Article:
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For the meaning of senectus see n. on 4. In De Or. 1, 132 we have modice et scienter. SICUT OMNIA: cf. Fin. 1, 7 facete is quidem sicut alia; also below, 65 sicut alia. ET FERRE ET LATURUM ESSE: Tischer rightly remarks that when a verb is repeated thus with a variation of tense Cic. very nearly always uses et ... et, and not a single et merely.

Seeing that he fought in the first Punic war, he cannot have been born later than 495. Cic. His Campanian origin is indicated by Gellius, and his Latin nationality, if proof of it were needed, by himself in his epitaph.

Enallage, cf. note, G. 15. Adeo. To such a degree, or so true it is. Adeo conclusiva, et in initio sententiae collocata, ad mediam latinitatem pertinet. Dr. Livy uses adeo in this way often; Cic. uses tantum. At nunc, etc.

Miscentur has a middle sense, as the passive often has, particularly in Tacitus. Cf. note 21: obligantur. Referunt. Cf. Virg. Aen. 4, 329: parvulus Aeneas, qui te tamen ore referret. See note, 39: auguriis. Ad patrem. Ad is often equivalent to apud in the best Latin authors; e.g. Cic. ad Att. 10, 16: ad me fuit==apud me fuit.

Sat. 2, 4, 95: haurire vitae praecepta beatae, and note, His. 1, 51: hauserunt animo. Prudentia matris. So Nero's mother deterred him from the study of philosophy. Suet. Ner. 52. Pulchritudinem ac speciem. The beautiful image, or beau ideal, by hendiadys. Cf. Cic. Or. 2: species pulchritudinis. See Rit. in loc. Vehementius quam caute.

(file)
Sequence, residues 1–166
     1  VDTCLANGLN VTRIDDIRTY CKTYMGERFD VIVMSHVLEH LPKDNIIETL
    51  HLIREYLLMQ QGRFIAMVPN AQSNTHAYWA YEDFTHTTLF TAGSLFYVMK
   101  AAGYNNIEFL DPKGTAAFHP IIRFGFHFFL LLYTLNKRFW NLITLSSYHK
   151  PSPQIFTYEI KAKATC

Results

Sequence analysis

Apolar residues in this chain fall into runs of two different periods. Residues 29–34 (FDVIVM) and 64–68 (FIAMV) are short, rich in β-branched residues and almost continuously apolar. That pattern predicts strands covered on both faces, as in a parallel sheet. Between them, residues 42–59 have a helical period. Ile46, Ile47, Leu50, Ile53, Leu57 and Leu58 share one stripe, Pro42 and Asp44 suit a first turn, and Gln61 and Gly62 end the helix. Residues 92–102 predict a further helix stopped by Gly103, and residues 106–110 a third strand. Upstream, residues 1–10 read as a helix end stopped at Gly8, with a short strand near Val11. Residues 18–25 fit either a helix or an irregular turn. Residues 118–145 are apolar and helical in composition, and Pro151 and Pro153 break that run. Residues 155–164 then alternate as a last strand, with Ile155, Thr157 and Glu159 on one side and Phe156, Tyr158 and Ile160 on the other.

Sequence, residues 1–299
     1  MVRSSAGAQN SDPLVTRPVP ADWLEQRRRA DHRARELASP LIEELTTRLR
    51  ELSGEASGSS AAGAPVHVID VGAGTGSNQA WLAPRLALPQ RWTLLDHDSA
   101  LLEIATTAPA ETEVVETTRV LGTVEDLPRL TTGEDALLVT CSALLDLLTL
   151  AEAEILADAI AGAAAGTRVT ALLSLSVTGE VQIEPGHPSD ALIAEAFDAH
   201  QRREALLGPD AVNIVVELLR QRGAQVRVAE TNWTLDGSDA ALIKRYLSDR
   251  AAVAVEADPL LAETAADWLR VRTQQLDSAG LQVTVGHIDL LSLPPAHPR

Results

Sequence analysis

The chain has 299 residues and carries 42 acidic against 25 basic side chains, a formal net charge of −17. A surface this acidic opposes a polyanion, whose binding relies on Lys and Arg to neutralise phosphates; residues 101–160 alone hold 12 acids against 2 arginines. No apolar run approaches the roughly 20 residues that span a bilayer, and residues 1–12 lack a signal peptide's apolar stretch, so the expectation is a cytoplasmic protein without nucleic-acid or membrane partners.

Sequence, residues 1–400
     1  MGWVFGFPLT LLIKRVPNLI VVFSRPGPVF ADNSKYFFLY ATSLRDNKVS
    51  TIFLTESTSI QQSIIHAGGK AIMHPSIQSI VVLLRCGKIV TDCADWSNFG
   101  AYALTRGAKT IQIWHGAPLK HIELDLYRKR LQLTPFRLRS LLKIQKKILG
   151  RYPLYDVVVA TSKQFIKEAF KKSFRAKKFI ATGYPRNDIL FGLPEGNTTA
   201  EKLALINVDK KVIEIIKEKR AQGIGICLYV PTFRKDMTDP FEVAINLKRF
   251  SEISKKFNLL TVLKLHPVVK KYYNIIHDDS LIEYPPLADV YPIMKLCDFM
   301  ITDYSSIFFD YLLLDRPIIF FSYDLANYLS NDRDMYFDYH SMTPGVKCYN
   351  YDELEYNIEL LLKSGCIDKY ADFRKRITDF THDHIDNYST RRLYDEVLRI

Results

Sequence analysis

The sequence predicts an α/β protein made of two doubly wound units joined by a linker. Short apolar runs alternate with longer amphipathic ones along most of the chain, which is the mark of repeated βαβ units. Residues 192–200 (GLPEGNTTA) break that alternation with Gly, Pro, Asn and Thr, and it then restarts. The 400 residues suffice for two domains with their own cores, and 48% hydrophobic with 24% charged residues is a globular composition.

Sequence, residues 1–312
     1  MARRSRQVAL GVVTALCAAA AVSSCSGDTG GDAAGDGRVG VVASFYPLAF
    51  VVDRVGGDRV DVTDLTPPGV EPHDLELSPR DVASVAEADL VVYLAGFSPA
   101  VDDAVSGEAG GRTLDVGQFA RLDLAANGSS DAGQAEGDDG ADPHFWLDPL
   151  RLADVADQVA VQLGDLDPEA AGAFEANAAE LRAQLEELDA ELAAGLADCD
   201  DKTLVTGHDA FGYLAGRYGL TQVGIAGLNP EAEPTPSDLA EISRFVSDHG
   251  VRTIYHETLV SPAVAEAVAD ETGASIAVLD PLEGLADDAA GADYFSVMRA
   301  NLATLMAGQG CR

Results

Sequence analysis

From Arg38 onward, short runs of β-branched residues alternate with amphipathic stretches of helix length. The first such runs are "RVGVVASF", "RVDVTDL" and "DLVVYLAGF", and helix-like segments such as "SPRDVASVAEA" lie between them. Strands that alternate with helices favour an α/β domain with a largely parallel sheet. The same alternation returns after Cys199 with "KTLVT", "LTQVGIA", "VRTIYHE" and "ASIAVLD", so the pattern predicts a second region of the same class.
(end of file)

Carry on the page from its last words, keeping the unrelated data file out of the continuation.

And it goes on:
That he, and not Tiberius, was the author of this law, now appears from Fronto in the letters to Verus, init. Comp. Gracchus ap. Gell. xi. 10; Cic. de. Rep. iii. 29, and Verr. iii. 6, 12; Vellei. ii. 6. IV. III. Modifications of the Penal Law

IUVENTUTE ET VIRIBUS: commonly explained as a hendiadys, i.e. as put for iuventutis viribus; but Cic. no more meant this than we mean 'the strength of youth' when we speak of 'youth and strength'. Real instances of hendiadys are much rarer than is generally supposed. QUAE: = tales ut.

Plautus, Pseud. 3, 2, 80 seems to make the same mistake. SI QUIS DEUS: the present subjunctive is noticeable; strictly, an impossible condition should require the past tense, but in vivid passages an impossible condition is momentarily treated as possible. So Cic. generally says si reviviscat aliquis, not revivisceret. DECURSO SPATIO: 'when I have run my race'. See n. on 14.

UT ... GLORIER: in Arch. 30 Cic. makes the same reflections in almost the same words about his own achievements. ALIQUID: see n. on 1 quid. SI ISDEM etc.: cf. Arch. 29 si nihil animus praesentiret ... dimicaret. AETATEM: = vitam. TRADUCERE: cf. Tusc. 3, 25 volumus hoc quod datum est vitae tranquille placideque traducere. ERIGENS SE: Acad. 2, 127 erigimur, elatiores fieri videmur.

NON VIDERE: either non videre or non item was to be expected, as Cicero does not often end sentences or clauses with non. COLUI ET DILEXI: so 26 coluntur et diliguntur. VIDENDI: Cic. for the most part avoids the genitive plural of the gerundive in agreement with a noun, and uses the gerund as here. Meissner notes that Latin has no verb with the sense 'to see again', which a modern would use here.